You do 4+ hours CV training/sport per week. A 70+ mile cycle ride, or 20+ mile hillwalk on a weekend would hold no fears. If so inclined, you might be the kind of person who has done longer road sportives/challenge rides, a ~3.30hr marathon or other similar endurance events. Keen hillwalkers who happily knock off 3-4+ munros in a day also have this kind of fitness and endurance.
Fitness Level 5
You do 5-6+ hours training for competitive sport per week, have a background in the same, or you are annoyingly talented! Either way, doing a 100 ml bike ride or about a 3hr marathon wouldn’t be unreasonable.
Summer Alpine Kit List
Above all, alpine climbing kit needs to do the job, but be as light as possible. We work with various manufacturers including Arc’teryx, whose products we can thoroughly recommend.
- Waterproof jacket – lightweight breathable model
- Overtrousers – with long side zips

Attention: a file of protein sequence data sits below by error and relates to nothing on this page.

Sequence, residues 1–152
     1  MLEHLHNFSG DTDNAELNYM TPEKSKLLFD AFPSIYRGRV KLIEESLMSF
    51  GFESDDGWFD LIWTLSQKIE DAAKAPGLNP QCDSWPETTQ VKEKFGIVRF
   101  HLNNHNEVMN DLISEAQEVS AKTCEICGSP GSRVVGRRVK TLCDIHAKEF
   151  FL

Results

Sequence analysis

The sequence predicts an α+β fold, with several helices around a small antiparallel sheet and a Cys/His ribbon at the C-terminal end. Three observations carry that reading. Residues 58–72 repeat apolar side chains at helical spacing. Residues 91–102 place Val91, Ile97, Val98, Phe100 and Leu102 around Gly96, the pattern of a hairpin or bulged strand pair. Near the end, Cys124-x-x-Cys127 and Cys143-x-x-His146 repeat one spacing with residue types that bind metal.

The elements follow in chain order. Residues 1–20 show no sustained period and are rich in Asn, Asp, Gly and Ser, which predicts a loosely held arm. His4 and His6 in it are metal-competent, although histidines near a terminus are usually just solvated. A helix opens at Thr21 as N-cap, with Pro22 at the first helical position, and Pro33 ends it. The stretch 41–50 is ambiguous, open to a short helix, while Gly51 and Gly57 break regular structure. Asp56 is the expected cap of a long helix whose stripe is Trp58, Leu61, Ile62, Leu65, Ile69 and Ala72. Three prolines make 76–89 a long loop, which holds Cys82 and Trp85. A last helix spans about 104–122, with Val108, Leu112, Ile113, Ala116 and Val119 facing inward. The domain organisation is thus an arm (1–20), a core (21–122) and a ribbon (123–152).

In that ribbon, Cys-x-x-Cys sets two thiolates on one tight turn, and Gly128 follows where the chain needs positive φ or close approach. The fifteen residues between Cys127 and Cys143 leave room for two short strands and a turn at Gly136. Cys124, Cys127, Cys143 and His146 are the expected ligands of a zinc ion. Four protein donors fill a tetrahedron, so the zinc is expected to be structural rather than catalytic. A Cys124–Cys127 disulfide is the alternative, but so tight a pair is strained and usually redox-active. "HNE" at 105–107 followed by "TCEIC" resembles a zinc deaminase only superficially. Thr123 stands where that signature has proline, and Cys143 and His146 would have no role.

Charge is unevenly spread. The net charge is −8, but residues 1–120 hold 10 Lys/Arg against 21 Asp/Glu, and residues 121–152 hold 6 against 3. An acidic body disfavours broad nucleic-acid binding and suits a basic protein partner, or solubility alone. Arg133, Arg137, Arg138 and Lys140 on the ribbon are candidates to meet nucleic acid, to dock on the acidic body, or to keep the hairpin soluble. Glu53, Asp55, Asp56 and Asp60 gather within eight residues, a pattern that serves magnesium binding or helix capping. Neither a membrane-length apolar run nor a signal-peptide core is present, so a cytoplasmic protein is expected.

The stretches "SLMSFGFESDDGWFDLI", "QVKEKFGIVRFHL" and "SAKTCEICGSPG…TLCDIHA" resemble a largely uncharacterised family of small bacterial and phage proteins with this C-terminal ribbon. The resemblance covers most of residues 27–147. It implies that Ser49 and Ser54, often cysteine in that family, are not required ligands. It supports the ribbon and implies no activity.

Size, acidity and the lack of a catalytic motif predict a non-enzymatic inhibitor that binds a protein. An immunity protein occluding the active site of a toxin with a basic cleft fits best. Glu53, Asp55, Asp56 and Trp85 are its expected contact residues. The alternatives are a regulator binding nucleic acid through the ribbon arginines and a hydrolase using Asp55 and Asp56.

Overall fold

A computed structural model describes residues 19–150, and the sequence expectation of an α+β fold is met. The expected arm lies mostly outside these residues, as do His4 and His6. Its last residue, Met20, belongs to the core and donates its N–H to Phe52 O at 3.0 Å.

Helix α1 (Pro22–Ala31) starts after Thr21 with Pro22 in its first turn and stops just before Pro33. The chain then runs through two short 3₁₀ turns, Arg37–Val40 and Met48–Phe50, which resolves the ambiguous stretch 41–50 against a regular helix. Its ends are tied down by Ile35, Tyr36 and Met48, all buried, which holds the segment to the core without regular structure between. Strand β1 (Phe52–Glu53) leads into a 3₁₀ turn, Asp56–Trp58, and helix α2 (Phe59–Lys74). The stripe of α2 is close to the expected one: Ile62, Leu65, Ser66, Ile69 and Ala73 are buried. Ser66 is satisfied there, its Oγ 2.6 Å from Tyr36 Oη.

- Socks – warm ‘Smartwool’ type, plus thin liner socks and spares
- Gaiters – made from breathable material (or trim fitting trousers with ankle volume adjuster)
- Wicking thermal tops – long sleeved and light colour is ideal!
- Fleece mid layer – or equivalent light insulating layer
- Mountain trousers – light/mid-weight windproof softshell model
- Thin gloves – windproof ‘hardfleece’ model is good
- Warm insulated gloves – wind and waterproof
- Warm hat – must fit under a helmet
- Spare warm layer – fleece or lightweight synthetic belay jacket
- Water Container – at least 1 litre
- Headtorch and batteries
- Map, compass and whistle (optional, but a good idea)
- Personal medications and blister kit – zinc oxide tape, compeed, painkillers etc
- Sun Glasses – CE rated 3 or 4 with side protection
- Goggles – for windy/snowy conditions
- Sun and lip cream – factor 30+
- Sun hat
- Wallet and passport
- Alpine Club/BMC card (if you are a member) and insurance docs
Hut Overnight Items
- Small wash kit
- Spare lightweight t-shirt/socks/pants
- Silk sheet sleeping bag liner